Supreme Court Justice Stephen Breyer took a break from the courtroom to promote his new book on “The Late Show with Stephen Colbert”.
The book was only briefly mentioned but Colbert took the opportunity to gain insight regarding various court-related issues, including why cameras are still banned in the highest federal court in the United States.
“Why can’t we watch you if the Supreme Court repeatedly rules that we can be watched by the government?” Colbert asked the justice.
Obviously used to being asked that very same question, justice Breyer was quick to defend and explain the ban, though he admitted it could be a “fabulous educational process”.
Between asking if there’s a hazing process and a spanking machine in the Supreme Court to how one works everyday with a group of people who constantly disagree with you, Colbert brought up the Supreme Court’s ban on cameras.
“The Supreme Court is about the last place in America where I couldn’t bring my camera crew in to shot what the government is doing, to get video of what the government is doing”, the host said. “Why can’t we watch you if the Supreme Court repeatedly rules that we can be watched by the government?”
Giving the justice a good reason to lift the ban he jokingly added: “If you had cameras in the courtroom, you could just put your book on the edge of your desk and you wouldn’t have to be here right now shaking your lawmaker”.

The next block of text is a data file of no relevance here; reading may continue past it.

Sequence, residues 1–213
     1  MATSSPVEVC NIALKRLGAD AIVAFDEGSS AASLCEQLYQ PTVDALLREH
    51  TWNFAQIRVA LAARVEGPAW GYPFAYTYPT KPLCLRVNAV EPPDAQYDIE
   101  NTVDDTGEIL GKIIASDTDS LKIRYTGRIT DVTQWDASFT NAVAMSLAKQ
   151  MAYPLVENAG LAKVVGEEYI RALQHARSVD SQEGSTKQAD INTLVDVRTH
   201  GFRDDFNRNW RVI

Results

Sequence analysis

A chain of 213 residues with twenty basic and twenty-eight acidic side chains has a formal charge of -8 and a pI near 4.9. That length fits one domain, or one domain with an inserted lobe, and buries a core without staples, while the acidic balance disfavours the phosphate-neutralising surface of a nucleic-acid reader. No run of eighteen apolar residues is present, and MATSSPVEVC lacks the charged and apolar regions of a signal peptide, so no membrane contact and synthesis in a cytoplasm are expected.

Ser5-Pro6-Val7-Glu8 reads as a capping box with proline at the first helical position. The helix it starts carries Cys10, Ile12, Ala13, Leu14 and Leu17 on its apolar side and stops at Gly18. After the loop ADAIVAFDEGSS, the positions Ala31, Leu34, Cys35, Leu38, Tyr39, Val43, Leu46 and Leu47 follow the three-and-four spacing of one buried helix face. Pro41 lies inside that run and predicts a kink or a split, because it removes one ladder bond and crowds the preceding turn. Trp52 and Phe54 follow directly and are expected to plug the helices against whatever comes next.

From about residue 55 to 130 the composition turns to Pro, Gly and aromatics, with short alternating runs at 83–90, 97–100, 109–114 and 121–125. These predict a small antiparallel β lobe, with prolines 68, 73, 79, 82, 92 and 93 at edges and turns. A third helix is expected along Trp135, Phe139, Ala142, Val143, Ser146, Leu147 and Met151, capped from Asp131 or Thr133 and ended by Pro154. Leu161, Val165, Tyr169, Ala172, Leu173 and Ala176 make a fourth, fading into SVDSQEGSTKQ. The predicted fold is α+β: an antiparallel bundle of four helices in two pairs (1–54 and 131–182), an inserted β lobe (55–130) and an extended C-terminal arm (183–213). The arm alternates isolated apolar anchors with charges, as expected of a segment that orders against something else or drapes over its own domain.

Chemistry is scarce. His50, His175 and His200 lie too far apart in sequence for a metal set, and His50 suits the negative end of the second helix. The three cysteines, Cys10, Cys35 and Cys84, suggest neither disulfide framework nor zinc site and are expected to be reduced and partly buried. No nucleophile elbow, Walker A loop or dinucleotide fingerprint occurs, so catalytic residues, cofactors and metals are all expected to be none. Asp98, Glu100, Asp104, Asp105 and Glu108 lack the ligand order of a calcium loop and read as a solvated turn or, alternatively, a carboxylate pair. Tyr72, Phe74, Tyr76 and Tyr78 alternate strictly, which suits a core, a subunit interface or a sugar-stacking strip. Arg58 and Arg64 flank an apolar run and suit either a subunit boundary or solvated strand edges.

Jokes aside, the justice explain that in his line of work he makes decisions for 315 million people who are not there in person, adding that having cameras in the courtroom will lead to a distorted view of what’s going on in the case.
“The rule of law, the rule of interpretation, it applies to everybody but human beings — correctly and decently — relate to people they see, and they’ll see two lawyers, and they’ll see two clients”, Breyer said. “Will they understand the whole story? Will they understand what we’re doing? Will there be distortion?”
Explaining his concern that viewers would not see the whole picture from recordings of the oral arguments, the justice explained that they make up for only “about 5% of the basis for deciding a case. It’s almost all in writing”.
He added that they don’t know what the reaction among “lawyers and others” would be if cameras were allowed during the process of oral arguments.
According to The Hill, most of the justices are against reversing this policy, fearing it could change the courtroom dynamics and that video clips could be misunderstood or taken out of context.
It is also mentioned that several bills that would allow cameras in all open sessions have been introduced over the years, but without success.
You can watch the full interview in the video below. Jump to 3:12 to get straight to the camera ban segment.
[via Wall Street Journal]